Keen Garrity Gets Down on Get Big LP

By Deuce

There’s a couple of thematic elements that immediately leap out of Keen Garrity’s new album Get Big that characterize her work as a whole.

The first, and possibly most delectable, is her affinity for background vocals. Several of these numbers are highlighted by various oohs, aahs, and planned non-verbal melodies that brighten many of the lead vocals. This form of harmonizing picks things up quite nicely on the second verse of the leadoff number “Shotgun”, helping maintain interest and heighten its affective appeal.

A smattering of aahs produces a similar effect on “Casting You Out”, with a melody possibly more pleasing than that of the lead vocals. The most potent example of her propensity in this regard is on “Walkabout/Stroll On” in which her oohs morph into wahoos, the same sound that popularized many doo wop tracks and some of Billy Joel’s best, too.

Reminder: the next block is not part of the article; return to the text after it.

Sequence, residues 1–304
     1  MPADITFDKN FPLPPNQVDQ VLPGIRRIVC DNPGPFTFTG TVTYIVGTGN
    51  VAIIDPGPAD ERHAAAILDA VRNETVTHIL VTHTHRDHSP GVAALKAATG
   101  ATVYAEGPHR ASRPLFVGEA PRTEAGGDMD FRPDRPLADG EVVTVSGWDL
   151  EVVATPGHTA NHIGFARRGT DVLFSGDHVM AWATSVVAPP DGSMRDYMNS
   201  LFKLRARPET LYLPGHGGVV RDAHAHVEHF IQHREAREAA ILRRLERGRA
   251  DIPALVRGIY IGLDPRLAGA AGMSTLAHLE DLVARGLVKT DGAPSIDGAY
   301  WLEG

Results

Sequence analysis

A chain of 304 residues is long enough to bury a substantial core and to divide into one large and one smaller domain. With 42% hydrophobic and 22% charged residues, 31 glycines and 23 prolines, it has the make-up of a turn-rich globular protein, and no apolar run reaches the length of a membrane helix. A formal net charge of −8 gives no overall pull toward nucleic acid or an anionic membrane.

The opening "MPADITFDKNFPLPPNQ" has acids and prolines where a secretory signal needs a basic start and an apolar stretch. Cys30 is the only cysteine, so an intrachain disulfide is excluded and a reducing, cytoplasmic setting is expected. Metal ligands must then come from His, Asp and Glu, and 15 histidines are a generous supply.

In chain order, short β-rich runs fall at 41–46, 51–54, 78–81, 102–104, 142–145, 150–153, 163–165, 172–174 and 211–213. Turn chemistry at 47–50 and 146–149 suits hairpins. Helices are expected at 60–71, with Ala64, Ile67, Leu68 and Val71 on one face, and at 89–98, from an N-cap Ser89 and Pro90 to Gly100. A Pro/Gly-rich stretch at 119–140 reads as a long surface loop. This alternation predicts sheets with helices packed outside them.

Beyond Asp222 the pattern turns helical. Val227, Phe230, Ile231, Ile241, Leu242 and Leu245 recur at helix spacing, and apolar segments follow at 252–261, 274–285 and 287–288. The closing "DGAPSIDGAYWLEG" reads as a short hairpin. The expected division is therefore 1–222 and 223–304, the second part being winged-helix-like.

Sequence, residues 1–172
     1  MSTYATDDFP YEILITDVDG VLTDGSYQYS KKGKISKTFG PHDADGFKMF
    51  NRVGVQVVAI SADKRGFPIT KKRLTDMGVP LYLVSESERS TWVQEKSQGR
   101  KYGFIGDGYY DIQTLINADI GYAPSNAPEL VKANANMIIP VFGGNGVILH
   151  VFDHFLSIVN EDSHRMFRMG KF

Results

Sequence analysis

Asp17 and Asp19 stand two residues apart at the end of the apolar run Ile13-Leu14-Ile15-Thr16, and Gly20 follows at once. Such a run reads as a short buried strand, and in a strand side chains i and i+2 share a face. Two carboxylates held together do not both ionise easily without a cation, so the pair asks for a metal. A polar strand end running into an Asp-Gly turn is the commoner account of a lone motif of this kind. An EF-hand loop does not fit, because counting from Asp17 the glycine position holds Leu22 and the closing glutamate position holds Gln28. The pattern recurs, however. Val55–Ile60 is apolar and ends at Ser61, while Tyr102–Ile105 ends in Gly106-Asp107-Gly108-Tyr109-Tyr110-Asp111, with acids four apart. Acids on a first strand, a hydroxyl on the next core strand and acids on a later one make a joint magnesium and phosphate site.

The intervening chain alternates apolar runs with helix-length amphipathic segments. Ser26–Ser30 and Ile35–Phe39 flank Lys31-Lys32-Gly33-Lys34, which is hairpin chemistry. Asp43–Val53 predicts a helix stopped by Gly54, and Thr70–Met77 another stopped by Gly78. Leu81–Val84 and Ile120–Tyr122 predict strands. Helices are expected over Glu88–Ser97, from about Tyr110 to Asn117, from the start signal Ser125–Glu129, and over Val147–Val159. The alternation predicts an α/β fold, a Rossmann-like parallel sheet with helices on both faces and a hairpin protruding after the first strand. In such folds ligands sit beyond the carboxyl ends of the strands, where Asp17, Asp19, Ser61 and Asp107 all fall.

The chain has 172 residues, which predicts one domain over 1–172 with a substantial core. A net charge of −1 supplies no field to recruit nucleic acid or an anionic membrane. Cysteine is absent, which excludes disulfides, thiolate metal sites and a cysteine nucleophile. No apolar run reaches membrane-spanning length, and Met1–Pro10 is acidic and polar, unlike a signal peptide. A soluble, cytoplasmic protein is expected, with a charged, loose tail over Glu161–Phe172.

Lyrically, she tends to stick to a raconteur’s perspective, which is an effective means of engaging the listener outside of rhythmic and melodic appeal. Moreover, not each tale is about a he or lover, either. The titular cut gives you nearly eight minutes of a female protagonist’s life from her departure from the womb, demonstrating the artist’s knack for details in a thematic sense characterized by country western singers and 90’s era emcees.

Another solid standout element is the trove of instrumentalism typifying this collection of songs. Garrity alone is credited with tickling the (acoustic) piano, synthesizers, organ, and bass, many of which are heard on the same tune. She’s also behind the drum programming and vocals, of course, while the lead guitars were wonderfully worked by Will Malone. Thus, with Garrity modulating any number of sounds and aforementioned instruments, Malone goes to town with a plethora of western, acoustic, and electric sounding guitars that provide a sophisticated sonic framework for her storytelling and high notes.

This kaleidoscope of instruments, sounds, background. and foreground vocals might meet its apex on “Shotgun”, which starts with bouncing synths, a warbling electric guitar, and a wonderful melody draping all of the above. It sounds so good it borders on pop and is demonstrative of how well Garrity can freak this combination of elements.   

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